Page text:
Scientists Build Model for Predicting Blooms
The end of April usually brings the first signs of harmful algae in New England waters, and this year, researchers from the Woods Hole Oceanographic Institution (WHOI) and North Carolina State University (NC State) are preparing for a potentially big bloom.
A combination of abundant beds of algal seeds and excess winter precipitation have set the stage for a harmful algal bloom similar to the historic "red tide" of 2005, according to researchers from WHOI and NC State. The 2005 bloom shut down shellfish beds from the Bay of Fundy to Martha's Vineyard for several months and caused an estimated $50 million in losses to the Massachusetts shellfish industry alone.
Weather patterns and ocean conditions over the next few months will determine whether this year's algal growth approaches the troubles of 2005.
The research team—led by WHOI senior scientists Don Anderson and Dennis McGillicuddy and physical oceanographer Ruoying He of NC State—is several years into the development of a computer model to predict the intensity and location of blooms of the toxic algae Alexandrium fundyense in the Gulf of Maine.
Though the scientists are reluctant to make an official "forecast" (because the bloom outcomes are directly dependent on episodic weather events that cannot be predicted months in advance), colleagues in coastal management and fisheries believe that seasonal forecasting can already serve as a useful tool for preparing the seafood industry for contingencies.
"With advance warning of a potentially troublesome year for algae, shellfish farmers and fishermen might shift the timing of their harvest or postpone plans for expansion of aquaculture beds," said Anderson, director of the WHOI Coastal Ocean Institute. "Restaurants might make contingency plans for supplies of seafood during the summer, and state agencies can ensure they have adequate staff for the significant monitoring efforts that might be required to protect public health and the shellfish industry."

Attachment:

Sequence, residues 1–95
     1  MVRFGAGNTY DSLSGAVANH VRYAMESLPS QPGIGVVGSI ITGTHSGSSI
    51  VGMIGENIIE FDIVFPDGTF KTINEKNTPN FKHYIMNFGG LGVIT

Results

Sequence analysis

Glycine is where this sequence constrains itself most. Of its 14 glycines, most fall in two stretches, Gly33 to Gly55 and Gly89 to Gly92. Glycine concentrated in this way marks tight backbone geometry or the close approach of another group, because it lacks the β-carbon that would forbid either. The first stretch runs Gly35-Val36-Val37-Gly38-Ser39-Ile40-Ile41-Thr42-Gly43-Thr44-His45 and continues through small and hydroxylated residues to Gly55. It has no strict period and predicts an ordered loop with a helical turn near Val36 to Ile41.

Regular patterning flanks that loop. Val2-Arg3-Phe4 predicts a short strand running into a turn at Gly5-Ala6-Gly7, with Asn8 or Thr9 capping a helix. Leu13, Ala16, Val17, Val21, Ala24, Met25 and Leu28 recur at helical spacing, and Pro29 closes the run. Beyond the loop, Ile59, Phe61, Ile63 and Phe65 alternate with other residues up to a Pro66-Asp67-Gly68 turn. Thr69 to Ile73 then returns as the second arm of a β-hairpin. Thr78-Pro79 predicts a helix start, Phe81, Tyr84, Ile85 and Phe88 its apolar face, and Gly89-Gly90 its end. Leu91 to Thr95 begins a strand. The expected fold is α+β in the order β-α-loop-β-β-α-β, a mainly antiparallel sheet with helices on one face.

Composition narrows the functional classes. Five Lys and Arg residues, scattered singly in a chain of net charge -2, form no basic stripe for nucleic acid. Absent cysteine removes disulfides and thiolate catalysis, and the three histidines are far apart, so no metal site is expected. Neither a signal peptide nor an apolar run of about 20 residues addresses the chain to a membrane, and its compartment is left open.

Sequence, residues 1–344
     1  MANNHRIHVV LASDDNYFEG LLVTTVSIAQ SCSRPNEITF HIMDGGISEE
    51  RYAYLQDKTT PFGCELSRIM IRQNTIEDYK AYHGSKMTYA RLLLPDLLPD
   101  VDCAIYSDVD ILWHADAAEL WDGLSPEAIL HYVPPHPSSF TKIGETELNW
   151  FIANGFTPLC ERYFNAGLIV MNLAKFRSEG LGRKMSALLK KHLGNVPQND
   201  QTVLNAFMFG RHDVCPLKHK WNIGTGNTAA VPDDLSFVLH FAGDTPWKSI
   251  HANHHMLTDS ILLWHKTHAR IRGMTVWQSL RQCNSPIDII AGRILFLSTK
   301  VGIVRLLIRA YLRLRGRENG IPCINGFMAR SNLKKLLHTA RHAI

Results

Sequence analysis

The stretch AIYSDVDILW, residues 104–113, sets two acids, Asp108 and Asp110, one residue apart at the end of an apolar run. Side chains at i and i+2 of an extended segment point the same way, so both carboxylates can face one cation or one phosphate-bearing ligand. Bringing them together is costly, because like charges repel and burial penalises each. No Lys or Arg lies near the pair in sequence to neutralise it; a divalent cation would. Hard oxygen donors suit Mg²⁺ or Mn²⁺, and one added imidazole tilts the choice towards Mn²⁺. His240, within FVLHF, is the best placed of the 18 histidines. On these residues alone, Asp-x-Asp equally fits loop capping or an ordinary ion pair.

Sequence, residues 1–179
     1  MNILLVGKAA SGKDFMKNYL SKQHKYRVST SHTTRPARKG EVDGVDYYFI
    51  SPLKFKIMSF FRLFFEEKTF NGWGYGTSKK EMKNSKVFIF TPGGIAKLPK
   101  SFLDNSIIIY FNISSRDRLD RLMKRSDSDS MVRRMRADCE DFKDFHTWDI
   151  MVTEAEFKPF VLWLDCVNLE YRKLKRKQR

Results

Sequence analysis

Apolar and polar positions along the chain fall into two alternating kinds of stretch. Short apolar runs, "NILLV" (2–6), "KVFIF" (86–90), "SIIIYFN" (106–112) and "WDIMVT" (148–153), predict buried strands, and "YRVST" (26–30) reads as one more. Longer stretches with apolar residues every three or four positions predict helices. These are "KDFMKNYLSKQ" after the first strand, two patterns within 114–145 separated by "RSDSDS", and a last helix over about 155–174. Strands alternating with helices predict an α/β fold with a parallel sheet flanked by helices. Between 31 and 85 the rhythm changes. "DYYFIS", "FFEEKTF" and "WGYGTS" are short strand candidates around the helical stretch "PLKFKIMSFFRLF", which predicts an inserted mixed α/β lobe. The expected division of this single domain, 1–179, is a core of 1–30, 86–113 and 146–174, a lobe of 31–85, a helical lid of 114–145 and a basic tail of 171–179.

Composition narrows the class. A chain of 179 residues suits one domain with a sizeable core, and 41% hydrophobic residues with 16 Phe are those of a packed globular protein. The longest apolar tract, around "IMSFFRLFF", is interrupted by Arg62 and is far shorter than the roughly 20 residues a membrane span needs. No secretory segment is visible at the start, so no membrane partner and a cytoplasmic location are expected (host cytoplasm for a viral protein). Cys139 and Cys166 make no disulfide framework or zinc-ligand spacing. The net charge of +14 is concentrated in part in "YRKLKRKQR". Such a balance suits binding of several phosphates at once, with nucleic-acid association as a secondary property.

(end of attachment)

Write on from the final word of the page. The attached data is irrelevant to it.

Seeds or "cysts" of A. fundyense naturally germinate and turn into cells that swim up from the seafloor around April 1 of each year. By the end of April, cells usually begin to appear in large numbers in the waters off coastal Maine.
The algae are notorious for producing a toxin that accumulates in clams, mussels, and other shellfish and can cause paralytic shellfish poisoning in humans who consume them.
According to a seafloor survey conducted in the fall of 2007 by Anderson's team, the number of Alexandrium cysts—the dormant, seed-like stage of the algae's life-cycle—is more than 30 percent higher than what was observed in the sediments prior to the historic bloom of 2005. The seed beds were especially rich in mid-coast Maine, origin of many of the cells that affect western Maine, New Hampshire, and Massachusetts.
"Our hypothesis is that cyst abundance is an indicator of the magnitude of the bloom," said McGillicuddy, a biological oceanographer in the WHOI Department of Applied Ocean Physics and Engineering. "If there is a large bloom offshore, then wind patterns and ocean currents in the next few weeks will determine whether it will be transported onshore and have an effect on coastal shellfish resources."
The research team has run its computer model through four scenarios, using the predominant wind patterns and ocean conditions from each year since 2004. Toxicity levels during those years have ranged from relatively low in 2004 and 2007 to extremely high levels in 2005 and 2006.
Coastal exposure to the blooms is worst for scenarios in which the spring weather was dominated by strong northeast winds, which tend to drive /Alexandrium/ cells toward the southern New England coast. When southwesterlies dominated, the algae tend to stay offshore. Even when there are a lot of cells and toxicity, the effect can be confined to offshore waters.